“When you change the health status of 4.3 million people, you’re going to change the history of a state,” he said. “We have an opportunity to do that.”
What it is: Georgia’s health insurance exchange is a website, run by the federal government, where consumers will be able to compare the prices and benefits of dozens of health plans offered by private insurance companies. People will also be able to learn through the exchange whether they qualify for federal assistance to help make coverage more affordable or whether they’re eligible for a government health program.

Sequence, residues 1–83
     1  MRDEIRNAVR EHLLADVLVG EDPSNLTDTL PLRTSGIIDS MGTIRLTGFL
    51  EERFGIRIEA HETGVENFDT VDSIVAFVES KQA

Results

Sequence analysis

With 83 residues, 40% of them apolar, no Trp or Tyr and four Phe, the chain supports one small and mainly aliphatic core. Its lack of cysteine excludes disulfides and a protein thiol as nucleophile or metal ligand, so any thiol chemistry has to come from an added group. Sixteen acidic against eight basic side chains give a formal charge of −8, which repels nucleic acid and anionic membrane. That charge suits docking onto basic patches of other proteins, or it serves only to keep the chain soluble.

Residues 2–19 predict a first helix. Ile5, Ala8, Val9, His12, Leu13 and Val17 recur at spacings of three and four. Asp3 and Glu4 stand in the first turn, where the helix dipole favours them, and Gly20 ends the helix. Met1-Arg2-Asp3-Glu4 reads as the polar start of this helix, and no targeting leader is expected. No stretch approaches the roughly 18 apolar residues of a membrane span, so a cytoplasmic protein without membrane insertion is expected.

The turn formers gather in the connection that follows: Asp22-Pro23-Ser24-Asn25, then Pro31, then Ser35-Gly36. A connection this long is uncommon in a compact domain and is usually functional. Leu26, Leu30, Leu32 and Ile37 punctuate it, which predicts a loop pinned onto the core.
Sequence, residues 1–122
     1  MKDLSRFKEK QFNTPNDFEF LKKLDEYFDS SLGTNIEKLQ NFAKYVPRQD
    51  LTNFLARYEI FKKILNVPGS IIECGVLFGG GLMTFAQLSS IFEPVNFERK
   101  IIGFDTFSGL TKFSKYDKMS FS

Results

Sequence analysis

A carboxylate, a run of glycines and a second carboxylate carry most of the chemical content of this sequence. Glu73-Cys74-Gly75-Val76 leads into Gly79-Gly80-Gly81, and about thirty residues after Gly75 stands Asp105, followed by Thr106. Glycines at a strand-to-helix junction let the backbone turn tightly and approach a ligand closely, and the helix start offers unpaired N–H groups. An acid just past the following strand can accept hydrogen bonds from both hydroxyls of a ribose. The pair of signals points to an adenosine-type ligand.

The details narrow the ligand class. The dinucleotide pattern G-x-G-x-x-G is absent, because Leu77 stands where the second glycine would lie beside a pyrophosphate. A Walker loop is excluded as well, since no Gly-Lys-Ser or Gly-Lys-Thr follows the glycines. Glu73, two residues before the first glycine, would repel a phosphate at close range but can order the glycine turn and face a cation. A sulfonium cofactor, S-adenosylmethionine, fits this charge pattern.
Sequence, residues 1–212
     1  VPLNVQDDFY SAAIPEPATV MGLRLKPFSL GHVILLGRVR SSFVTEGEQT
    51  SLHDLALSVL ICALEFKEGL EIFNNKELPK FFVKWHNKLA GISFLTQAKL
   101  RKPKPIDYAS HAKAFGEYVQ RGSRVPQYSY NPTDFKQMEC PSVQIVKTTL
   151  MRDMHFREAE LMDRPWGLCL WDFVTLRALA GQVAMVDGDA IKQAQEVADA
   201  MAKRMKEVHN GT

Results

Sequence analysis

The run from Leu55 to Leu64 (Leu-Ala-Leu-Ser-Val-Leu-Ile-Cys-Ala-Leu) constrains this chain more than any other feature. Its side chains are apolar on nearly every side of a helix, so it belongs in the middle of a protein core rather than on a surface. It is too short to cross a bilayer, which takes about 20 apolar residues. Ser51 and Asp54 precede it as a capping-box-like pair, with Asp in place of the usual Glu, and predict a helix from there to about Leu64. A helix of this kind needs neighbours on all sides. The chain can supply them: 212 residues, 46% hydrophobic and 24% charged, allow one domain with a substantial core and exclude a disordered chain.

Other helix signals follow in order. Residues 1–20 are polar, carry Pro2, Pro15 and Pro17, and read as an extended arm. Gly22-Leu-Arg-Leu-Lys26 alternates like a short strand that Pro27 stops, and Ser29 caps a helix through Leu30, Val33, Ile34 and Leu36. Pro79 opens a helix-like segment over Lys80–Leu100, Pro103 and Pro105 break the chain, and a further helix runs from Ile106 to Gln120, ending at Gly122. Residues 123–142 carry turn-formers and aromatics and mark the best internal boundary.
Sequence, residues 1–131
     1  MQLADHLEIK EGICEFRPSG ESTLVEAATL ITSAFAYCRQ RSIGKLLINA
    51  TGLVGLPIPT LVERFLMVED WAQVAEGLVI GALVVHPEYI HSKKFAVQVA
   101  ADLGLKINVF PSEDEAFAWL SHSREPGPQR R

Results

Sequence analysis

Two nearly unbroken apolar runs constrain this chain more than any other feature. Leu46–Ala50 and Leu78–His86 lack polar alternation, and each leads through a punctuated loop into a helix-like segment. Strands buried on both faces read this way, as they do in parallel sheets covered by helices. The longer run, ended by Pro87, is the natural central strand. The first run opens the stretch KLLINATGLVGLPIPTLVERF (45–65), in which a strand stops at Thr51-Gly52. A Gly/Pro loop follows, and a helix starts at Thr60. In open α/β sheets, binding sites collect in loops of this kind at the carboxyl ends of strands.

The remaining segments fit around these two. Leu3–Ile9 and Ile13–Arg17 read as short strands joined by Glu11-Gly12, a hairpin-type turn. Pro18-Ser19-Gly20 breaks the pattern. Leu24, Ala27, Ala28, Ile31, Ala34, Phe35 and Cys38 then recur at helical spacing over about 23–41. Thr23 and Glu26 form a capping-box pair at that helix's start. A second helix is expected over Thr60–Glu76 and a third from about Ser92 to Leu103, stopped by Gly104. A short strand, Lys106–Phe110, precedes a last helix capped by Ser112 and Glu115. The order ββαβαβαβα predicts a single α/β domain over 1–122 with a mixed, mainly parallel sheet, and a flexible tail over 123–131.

Who it’s for: The exchange is designed for people who don’t get insurance coverage through their jobs, such as the self-employed, students and unemployed. Workers whose employers don’t offer what the federal government deems “affordable” coverage will also be able to shop on the exchange.
When it opens: The exchange will open Oct. 1 with health plans purchased there taking effect on Jan. 1. Open enrollment lasts for six months.
How to learn more: Find more information on the exchange on HealthCare.gov or by calling a customer service representative for help at 800-318-2596.